The Immigration Reform and Control Act (IRCA) was passed in the United States in 1986. Following IRCA, most documented Guatemalan Americans were able to receive legal admission through the petitioning of family members already in the United States. Immigration Reform and Control Act (IRCA) disadvantaged incoming Guatemalan immigrants, because it allowed for documentation to those who entered prior to 1982; however, Guatemalan immigration largely took place after 1982.

In 1997, immigration was further limited for Guatemalans through the Nicaraguan and Central American Relief Act. This act allowed Central American asylum-seekers to be documented in the United States but called for deportation for those undocumented. At the time, many of those people were Guatemalan Americans.[5] Deportation of undocumented immigrants have consequences of socioeconomic mobility within Guatemala. Households in Guatemala that receive money from Guatemalans in the United States are able to pull themselves into a better economic standing. By contrast, households which lose that money experience downward mobility.[8]

Literature in the U.S.[edit]

According to Rodriguez, the main themes of Central American literature in the United States are: war, violence, criminality, solidarity, migration, ethnicity, and the construction of identity.[9] Maya Chinchilla is a Guatemalan poet of mixed U.S., German and Guatemalan heritages. In her poem "Central Americanamerican" she "diffracts the construction of Central American identity beyond a geographic notion and along the multiple coordinates of migrations, generations, heritages, languages, ethnicities, races, sexualities, cultures, and discourses magnified in the Central American diasporas."[9] Novels like The Tattooed Soldier by Héctor Tobar display the cultural significance of Central American identity within U.S. multiculturalism.[10]


Guatemalan Mayas and Hispanics[edit]

Norma Torres, member of the House of Representatives.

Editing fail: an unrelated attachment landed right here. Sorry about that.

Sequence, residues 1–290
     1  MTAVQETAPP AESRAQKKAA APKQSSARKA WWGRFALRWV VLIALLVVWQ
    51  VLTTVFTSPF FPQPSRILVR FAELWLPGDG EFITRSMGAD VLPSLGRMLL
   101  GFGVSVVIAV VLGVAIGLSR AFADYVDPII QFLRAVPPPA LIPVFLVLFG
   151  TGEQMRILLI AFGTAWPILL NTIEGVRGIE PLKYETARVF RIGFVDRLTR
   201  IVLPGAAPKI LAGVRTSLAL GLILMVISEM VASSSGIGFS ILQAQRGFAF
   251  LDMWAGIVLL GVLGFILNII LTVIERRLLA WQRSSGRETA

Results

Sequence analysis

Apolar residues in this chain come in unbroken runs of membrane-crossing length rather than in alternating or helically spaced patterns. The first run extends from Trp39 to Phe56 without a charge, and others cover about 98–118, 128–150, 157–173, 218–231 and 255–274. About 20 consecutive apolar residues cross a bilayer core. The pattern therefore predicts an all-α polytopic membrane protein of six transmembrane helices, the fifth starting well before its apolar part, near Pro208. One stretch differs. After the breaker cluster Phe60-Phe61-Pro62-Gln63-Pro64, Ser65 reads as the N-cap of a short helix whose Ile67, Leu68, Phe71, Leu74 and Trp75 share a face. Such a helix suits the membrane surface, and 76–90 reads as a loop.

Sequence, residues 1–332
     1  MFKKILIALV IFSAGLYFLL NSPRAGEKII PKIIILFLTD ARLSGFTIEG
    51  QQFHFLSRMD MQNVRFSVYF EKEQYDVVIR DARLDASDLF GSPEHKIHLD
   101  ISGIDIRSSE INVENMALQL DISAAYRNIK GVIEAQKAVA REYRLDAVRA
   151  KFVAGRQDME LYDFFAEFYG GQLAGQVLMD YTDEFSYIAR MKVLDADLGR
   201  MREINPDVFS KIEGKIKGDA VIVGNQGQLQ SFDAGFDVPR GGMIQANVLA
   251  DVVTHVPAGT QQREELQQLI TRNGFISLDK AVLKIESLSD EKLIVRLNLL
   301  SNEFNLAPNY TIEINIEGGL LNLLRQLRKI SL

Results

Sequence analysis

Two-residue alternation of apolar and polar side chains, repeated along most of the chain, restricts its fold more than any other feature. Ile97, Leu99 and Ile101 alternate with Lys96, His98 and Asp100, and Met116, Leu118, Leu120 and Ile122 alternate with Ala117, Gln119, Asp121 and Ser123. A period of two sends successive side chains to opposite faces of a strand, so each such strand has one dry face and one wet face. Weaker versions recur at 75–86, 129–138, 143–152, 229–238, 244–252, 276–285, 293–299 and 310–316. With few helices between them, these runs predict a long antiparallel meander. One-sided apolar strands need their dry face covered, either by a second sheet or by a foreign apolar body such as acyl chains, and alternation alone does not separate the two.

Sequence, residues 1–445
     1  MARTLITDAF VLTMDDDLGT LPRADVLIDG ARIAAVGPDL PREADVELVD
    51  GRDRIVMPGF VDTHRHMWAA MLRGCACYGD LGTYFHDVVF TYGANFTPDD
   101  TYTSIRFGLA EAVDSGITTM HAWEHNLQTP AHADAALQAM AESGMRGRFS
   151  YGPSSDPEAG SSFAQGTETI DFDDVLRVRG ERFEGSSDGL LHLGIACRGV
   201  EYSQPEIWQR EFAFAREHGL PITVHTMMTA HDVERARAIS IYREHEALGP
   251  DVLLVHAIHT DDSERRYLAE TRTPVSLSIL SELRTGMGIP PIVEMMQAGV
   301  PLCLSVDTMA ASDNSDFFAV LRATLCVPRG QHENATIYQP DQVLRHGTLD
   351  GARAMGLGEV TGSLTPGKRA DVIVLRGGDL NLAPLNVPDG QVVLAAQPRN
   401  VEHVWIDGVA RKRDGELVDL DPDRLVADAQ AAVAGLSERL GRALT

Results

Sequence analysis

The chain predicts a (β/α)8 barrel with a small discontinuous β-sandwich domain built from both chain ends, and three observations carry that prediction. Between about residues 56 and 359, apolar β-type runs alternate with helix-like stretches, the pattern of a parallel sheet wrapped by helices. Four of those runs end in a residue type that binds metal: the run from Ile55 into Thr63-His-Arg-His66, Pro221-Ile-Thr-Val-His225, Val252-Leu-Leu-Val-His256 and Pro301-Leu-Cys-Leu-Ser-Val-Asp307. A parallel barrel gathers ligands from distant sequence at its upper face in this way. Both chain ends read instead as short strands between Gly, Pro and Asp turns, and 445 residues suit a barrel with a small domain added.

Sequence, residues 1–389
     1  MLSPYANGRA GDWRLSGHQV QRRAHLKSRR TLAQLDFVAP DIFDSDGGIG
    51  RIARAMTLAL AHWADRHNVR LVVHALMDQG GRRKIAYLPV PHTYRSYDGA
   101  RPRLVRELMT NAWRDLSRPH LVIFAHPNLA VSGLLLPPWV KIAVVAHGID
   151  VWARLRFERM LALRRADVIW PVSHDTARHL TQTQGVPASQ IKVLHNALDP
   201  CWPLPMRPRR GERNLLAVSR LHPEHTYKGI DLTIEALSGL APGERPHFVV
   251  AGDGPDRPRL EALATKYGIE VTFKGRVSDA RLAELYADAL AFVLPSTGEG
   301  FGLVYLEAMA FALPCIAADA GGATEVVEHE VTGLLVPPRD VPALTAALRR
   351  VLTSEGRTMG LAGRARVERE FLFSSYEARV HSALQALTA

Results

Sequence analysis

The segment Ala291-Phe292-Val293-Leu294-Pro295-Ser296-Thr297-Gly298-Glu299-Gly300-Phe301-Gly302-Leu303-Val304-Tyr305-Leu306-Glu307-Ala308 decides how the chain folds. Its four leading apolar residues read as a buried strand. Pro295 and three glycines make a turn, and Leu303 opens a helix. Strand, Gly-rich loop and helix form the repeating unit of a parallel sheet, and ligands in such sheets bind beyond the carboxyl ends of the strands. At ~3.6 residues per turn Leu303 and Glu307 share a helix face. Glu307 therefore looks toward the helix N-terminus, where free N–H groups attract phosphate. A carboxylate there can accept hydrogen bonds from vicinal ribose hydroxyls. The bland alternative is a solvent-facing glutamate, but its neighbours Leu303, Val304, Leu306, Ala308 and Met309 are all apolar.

Guatemalan Americans are a very culturally diverse group of people, including around 23 distinct ethnic groups, whose languages are different, although they maintain unique cultural traditions. The groups are, on the whole, Maya. The Ladino are a different group that speak the Spanish language and have Spanish culture. So, Guatemalan Americans are a multicultural community. This reason is why the assimilation processes, traditional beliefs, and customs vary differently between groups. Most Ladino Guatemalans living in the United States come from Jutiapa, Guatemala City, and Chiquimula. The majority of Ladinos from Jutiapa and Chiquimula live in the northeast, in states such as New Jersey and Massachusetts.

Immigrant Maya American communities have preserved their ethnic customs. The Guatemalans of European descent (mostly of Spanish ancestry) often mixed with other U.S. Hispanic groups. However, it is unknown the degree to which the transmission of cultural traditions between Guatemalans immigrants and their descendants occurs due to a lack of research.

Some traditions have remained in most neighborhoods of Guatemalan immigrants, especially in Los Angeles, Houston and southern Florida, where Guatemalan traditions are being both transformed and lost due to American acculturation. Some Guatemalan traditions are the celebration of Quinceañeras, the formation of soccer leagues, and the Organization de las Fiestas de la Patronal (Organization of Patronal Parties).[11]